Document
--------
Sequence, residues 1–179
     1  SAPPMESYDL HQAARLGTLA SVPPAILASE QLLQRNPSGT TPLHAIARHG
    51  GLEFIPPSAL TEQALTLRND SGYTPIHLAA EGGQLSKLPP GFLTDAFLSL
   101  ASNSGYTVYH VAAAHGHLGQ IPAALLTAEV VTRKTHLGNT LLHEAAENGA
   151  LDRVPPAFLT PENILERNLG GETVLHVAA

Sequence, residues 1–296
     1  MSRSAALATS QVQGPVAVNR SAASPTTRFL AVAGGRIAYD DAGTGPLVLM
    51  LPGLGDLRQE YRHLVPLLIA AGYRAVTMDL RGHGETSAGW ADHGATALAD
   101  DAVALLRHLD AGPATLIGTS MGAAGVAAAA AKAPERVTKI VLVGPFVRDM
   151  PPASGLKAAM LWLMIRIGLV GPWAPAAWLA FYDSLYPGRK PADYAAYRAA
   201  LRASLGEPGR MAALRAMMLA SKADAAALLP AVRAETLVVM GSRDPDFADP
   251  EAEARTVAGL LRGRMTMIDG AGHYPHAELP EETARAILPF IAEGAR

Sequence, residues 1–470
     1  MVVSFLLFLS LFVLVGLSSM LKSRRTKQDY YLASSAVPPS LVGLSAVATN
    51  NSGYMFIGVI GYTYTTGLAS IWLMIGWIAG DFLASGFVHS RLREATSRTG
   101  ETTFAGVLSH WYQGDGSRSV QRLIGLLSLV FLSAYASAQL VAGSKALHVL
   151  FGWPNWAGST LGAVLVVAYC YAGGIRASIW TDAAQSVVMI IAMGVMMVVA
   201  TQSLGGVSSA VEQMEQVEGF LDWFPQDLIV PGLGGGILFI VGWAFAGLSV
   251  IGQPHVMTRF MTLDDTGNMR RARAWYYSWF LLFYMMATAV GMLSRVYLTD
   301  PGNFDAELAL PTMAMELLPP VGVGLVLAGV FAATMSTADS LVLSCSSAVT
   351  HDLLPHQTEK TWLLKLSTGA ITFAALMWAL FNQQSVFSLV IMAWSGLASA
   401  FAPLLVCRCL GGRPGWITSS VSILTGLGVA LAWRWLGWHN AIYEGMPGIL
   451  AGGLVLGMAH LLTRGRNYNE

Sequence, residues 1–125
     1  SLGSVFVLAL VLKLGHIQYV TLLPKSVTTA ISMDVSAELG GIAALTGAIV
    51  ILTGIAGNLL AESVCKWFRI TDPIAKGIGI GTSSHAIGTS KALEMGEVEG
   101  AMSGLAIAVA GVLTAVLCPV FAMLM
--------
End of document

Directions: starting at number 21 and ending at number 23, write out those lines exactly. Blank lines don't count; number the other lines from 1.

   351  HDLLPHQTEK TWLLKLSTGA ITFAALMWAL FNQQSVFSLV IMAWSGLASA
   401  FAPLLVCRCL GGRPGWITSS VSILTGLGVA LAWRWLGWHN AIYEGMPGIL
   451  AGGLVLGMAH LLTRGRNYNE